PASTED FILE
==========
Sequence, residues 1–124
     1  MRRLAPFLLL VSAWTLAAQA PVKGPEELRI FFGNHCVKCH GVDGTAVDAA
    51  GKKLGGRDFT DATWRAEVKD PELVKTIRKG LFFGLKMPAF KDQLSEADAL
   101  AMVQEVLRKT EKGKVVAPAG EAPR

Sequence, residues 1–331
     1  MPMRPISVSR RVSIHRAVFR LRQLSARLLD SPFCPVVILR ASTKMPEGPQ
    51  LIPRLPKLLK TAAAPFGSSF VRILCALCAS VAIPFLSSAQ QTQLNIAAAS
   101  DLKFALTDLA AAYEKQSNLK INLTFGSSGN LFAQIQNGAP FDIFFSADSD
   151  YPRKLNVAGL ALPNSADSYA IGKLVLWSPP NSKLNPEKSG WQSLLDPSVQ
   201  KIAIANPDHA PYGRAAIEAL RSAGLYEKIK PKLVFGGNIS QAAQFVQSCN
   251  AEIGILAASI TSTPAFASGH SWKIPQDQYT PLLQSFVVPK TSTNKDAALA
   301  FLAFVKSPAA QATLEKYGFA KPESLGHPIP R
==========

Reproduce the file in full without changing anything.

Sequence, residues 1–124
     1  MRRLAPFLLL VSAWTLAAQA PVKGPEELRI FFGNHCVKCH GVDGTAVDAA
    51  GKKLGGRDFT DATWRAEVKD PELVKTIRKG LFFGLKMPAF KDQLSEADAL
   101  AMVQEVLRKT EKGKVVAPAG EAPR

Sequence, residues 1–331
     1  MPMRPISVSR RVSIHRAVFR LRQLSARLLD SPFCPVVILR ASTKMPEGPQ
    51  LIPRLPKLLK TAAAPFGSSF VRILCALCAS VAIPFLSSAQ QTQLNIAAAS
   101  DLKFALTDLA AAYEKQSNLK INLTFGSSGN LFAQIQNGAP FDIFFSADSD
   151  YPRKLNVAGL ALPNSADSYA IGKLVLWSPP NSKLNPEKSG WQSLLDPSVQ
   201  KIAIANPDHA PYGRAAIEAL RSAGLYEKIK PKLVFGGNIS QAAQFVQSCN
   251  AEIGILAASI TSTPAFASGH SWKIPQDQYT PLLQSFVVPK TSTNKDAALA
   301  FLAFVKSPAA QATLEKYGFA KPESLGHPIP R